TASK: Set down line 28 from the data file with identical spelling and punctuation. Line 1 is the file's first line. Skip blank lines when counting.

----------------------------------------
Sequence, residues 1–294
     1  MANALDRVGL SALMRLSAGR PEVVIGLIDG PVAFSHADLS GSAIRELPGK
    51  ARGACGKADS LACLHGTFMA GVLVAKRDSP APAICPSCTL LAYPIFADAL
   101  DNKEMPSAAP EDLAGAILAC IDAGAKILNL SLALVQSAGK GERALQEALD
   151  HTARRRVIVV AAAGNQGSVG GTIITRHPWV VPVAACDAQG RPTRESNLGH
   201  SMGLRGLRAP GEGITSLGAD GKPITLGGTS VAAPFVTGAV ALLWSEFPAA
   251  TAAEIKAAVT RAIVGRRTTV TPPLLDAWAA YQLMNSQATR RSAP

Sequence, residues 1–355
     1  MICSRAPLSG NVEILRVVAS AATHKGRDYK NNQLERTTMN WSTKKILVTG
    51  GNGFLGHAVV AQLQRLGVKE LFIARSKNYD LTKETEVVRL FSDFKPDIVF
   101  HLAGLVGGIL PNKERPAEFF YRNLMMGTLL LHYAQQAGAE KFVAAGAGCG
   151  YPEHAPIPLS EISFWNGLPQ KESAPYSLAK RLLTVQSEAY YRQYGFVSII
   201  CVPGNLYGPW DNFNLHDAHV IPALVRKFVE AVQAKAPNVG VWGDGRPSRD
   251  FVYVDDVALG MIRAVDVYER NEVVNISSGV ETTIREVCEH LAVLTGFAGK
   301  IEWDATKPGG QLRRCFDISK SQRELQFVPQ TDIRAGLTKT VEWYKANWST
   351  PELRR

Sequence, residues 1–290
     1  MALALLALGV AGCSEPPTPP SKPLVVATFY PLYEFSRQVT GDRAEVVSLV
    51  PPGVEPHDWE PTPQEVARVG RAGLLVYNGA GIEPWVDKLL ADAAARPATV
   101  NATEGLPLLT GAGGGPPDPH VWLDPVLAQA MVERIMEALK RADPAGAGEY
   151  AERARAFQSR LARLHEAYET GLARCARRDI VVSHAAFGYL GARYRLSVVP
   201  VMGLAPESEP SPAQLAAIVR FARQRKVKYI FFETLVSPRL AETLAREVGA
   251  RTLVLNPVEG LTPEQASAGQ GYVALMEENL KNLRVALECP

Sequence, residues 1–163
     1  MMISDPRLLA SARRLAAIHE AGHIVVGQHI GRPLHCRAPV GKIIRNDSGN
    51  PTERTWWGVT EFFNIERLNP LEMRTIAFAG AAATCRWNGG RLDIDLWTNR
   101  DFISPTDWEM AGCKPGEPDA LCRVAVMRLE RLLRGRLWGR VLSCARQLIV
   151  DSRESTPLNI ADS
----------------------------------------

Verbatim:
   151  DSRESTPLNI ADS